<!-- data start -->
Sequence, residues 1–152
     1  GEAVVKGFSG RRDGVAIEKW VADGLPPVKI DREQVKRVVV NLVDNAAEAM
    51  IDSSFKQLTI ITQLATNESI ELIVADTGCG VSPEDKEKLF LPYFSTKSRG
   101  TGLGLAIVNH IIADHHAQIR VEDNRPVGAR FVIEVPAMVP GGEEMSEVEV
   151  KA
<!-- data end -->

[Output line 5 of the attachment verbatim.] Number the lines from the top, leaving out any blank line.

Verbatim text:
   151  KA